support, violence against women act and -- >> go ahead. >> sorry, violence against women act and he's let other things like that come to the floor. the payroll tax extension, but this particular issue is sody visive and so -- has so much passion among the base, and therefore, among many in his conference that he's simply not been willing to allow this to come up for a bipartisan vote. >> if he were to allow it to come up for a vote, you say scott ridgell would be on board for a clean piece of legislation without any attachments to obama care. and if all the democrats were to support it it, you'd need 17, 1, 20 republicans to support it and you got peter king, you've interviewed him, charlie dent. there are at least a dozen, but are there 20? >> you know, what those members told me is if they actually had the bill presented to them and they were actually able to vote on it, there would be a lot more
than 20, that they would be -- >> it would pass overwhelmingly. >> that's what they're hearing privately from colleagues. the question is whether or not john boehner and his republican house leaders are going to be willing to do that. i'm told at least in the near future, the answer is no. >> we'll get back. we have a lot more to watch including the president of the united states. let's go the united nations right now. the israeli prime minister benjamin netanyahu is about to speak. >> and minister of public affairs and the diaspora, his excellent sit benjamin netanyahu of the state of israel. i invite him to address the general assembly. >> thank you, mr. president. i feel deeply honored and privileged to stand here before you today representing the citizens of the state of israel.
we are an ancient people. we date back nearly 4,000 years to abraham, isaac and jacob. we have journeyed through time. we've overcome the greatest of adversities. and we re-established our sovereign state and our ancestral homeland, the land of israel. now, the jewish people's odyssey through time has taught us two things. never give up hope, always remain vigilant. hope charts the future. vigilance protects it. today, our hope for the future
is challenged by a nuclear armed iran that seeks our destruction. but i want you to know that wasn't always the case. some 2500 years ago, the great persian king cyrus ended the babylonian exile of the jewish people. he issued a famous edict in which he proclaimed the right of the jews to return to the land of israel and rebuild the jewish temple in jerusalem. that's a persian decree. and thus began a historic friendship between the jews and the persians that lasted until modern times.
but in 1979, a radical regime in tehran tried to stamp out that friendship. as it was busy crushing the iranian people's hope for democracy, it also led wild chants of death to the jews. now, since that time, presidents of iran have come and gone. some presidents were considered moderates. others hard liners. but they've all served that same unforgiving creed, that same unforgiving regime. that creed that is espoused and enforced by the real power in iran, the dictator known as the supreme leader. first ayatollah khomeini and now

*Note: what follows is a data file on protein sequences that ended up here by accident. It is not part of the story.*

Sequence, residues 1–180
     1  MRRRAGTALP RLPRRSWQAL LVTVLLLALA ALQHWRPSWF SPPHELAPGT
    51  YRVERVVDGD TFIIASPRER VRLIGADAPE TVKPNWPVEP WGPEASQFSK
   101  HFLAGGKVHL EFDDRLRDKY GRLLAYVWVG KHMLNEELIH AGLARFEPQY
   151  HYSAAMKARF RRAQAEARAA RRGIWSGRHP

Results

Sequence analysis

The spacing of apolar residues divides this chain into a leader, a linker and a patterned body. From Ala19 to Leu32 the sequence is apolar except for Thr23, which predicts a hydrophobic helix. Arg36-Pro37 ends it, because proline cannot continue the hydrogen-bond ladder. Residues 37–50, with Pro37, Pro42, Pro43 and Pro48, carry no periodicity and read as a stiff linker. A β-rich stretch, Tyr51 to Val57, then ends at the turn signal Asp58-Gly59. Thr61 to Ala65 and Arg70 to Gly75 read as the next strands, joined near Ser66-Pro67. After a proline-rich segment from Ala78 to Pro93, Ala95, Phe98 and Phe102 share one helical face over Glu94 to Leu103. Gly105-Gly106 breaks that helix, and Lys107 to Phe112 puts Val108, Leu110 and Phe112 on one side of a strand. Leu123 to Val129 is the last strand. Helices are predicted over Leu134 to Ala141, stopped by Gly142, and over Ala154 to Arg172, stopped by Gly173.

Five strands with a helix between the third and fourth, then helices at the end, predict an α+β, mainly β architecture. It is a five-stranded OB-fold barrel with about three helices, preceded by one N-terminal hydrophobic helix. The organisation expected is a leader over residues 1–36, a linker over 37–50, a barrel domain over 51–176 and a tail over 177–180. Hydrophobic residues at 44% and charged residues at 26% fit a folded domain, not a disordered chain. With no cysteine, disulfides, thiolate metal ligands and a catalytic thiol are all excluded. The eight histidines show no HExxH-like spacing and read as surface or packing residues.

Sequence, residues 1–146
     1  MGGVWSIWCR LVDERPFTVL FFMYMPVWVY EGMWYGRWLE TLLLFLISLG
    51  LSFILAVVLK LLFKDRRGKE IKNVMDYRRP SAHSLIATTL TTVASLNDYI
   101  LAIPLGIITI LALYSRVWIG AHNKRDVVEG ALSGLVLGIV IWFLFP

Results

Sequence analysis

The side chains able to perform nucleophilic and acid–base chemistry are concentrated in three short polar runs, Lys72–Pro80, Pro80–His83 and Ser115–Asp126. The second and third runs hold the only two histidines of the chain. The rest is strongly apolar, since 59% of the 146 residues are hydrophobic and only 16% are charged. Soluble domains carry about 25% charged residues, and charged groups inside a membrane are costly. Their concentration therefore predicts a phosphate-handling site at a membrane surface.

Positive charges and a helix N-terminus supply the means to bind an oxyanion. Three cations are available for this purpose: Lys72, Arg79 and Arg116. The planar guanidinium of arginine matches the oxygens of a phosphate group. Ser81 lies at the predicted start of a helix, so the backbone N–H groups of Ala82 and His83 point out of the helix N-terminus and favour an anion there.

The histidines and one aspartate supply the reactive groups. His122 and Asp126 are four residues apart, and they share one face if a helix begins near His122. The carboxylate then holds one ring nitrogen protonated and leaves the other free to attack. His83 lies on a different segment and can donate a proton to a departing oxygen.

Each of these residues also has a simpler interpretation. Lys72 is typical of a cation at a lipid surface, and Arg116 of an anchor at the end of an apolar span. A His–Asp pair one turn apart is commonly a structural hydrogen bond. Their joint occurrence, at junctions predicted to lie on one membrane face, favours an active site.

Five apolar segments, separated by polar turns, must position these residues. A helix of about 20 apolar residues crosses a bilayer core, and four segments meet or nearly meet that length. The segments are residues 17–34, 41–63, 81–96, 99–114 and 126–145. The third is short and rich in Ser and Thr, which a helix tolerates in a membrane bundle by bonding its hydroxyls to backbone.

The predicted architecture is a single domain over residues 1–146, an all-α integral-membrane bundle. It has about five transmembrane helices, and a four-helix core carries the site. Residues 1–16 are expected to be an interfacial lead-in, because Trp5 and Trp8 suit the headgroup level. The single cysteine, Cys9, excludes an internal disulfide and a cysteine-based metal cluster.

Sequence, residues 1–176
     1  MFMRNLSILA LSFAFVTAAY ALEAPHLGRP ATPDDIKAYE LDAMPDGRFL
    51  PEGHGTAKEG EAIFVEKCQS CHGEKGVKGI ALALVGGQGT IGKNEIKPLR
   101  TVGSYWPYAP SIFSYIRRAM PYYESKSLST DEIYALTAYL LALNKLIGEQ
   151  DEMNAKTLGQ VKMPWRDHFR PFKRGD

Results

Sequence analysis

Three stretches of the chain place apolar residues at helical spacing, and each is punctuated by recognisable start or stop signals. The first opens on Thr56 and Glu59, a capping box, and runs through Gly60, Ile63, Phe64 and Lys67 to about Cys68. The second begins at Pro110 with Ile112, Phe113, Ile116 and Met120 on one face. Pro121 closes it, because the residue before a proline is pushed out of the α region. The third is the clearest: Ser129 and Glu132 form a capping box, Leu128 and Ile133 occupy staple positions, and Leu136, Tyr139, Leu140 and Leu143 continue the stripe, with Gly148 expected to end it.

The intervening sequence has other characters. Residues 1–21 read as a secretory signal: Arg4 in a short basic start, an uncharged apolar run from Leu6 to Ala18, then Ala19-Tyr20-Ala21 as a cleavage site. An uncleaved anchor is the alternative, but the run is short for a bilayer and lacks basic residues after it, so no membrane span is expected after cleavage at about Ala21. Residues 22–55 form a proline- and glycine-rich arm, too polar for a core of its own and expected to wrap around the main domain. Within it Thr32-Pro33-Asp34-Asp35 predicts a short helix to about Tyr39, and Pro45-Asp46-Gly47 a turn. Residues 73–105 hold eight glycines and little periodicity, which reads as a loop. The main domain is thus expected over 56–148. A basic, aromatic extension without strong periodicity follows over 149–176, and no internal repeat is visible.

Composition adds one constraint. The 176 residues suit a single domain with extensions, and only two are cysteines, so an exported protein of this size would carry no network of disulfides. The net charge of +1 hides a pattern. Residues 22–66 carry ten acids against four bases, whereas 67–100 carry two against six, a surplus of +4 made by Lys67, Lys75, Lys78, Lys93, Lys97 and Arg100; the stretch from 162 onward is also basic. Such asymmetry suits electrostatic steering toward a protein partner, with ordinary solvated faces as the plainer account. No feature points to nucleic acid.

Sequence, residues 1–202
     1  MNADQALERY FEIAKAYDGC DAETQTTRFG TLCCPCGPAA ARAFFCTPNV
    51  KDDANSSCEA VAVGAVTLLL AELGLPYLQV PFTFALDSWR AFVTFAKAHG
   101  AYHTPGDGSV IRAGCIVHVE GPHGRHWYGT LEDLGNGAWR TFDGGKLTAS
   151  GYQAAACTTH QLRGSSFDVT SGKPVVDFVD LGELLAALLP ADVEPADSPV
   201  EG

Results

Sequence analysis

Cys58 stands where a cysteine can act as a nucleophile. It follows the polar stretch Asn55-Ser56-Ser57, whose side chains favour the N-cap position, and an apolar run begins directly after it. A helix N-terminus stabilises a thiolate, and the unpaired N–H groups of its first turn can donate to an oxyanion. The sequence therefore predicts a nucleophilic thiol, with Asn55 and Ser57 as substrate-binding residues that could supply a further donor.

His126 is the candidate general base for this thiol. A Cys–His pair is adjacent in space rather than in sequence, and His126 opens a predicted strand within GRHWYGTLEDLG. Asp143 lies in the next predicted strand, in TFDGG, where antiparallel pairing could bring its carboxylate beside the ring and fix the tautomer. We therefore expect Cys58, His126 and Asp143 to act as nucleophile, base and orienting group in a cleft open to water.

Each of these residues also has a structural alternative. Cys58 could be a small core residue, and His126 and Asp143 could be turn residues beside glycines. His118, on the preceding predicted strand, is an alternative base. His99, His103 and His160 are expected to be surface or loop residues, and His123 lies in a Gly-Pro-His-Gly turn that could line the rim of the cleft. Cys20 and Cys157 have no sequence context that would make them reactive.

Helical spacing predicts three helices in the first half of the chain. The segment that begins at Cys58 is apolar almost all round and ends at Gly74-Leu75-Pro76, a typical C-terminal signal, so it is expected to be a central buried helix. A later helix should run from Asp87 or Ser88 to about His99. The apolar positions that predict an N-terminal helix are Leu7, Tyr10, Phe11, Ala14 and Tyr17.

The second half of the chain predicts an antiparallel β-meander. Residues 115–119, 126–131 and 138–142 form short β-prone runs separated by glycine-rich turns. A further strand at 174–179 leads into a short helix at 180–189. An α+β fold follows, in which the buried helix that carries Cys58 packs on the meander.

ayatollah ali ha menny. the president like the presidents who came before him is a loyal servant of the regime. he was one of only six candidates the regime permitted to run for office. nearly 700 other candidates were rejected. so what made him acceptable? well, he headed iran's supreme national security council from 1989 through 2003. during that time, iran's hinchmen gunned down opposition leaders in a berlin restaurant. they murdered 85 people at the jewish community center in buenos aires. they killed 19 american soldiers
by blowing up the towers in saudi arabia. are we to believe that the national security advisor of iran at the time knew nothing about these attacks? of course, he did. just as 30 years ago, iran's security chiefs knew about the bombings in beirut that killed 241 american marines and 58 french paratroopers. he was also iran's chief nuclear negotiator between 2003 and 2005. he masterminded the strategy which enabled iran to advance its nuclear weapons program. behind a smoke screen of diplomatic engagement and very soothing rhetoric.
now, i know, mo hanney doesn't sound like ahmadinejad, but when it comes to iran's nuclear weapons program, the only difference between them is this. ahmadinejad was a wolf in wolf's clothing. muhani is a wolf in sheep's clothing, a wolf who thinks he can pull the wool over the eyes of the international community. well, like everyone else, i wish we could believe miss words, but we must focus on iran's actions and it's the brazen contrast, the extraordinary contradiction between khamenei words and iran's actions that is so startling. khamenei stood at this very